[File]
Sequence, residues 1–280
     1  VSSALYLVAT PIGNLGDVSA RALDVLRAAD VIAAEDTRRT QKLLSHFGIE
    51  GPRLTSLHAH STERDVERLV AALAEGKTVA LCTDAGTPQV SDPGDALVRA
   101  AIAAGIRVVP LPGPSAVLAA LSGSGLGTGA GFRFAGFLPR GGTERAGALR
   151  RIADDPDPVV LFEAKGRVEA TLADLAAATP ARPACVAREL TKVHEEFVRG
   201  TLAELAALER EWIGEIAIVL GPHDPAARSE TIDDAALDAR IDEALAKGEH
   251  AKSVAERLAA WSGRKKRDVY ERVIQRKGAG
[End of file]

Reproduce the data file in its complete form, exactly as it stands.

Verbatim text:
Sequence, residues 1–280
     1  VSSALYLVAT PIGNLGDVSA RALDVLRAAD VIAAEDTRRT QKLLSHFGIE
    51  GPRLTSLHAH STERDVERLV AALAEGKTVA LCTDAGTPQV SDPGDALVRA
   101  AIAAGIRVVP LPGPSAVLAA LSGSGLGTGA GFRFAGFLPR GGTERAGALR
   151  RIADDPDPVV LFEAKGRVEA TLADLAAATP ARPACVAREL TKVHEEFVRG
   201  TLAELAALER EWIGEIAIVL GPHDPAARSE TIDDAALDAR IDEALAKGEH
   251  AKSVAERLAA WSGRKKRDVY ERVIQRKGAG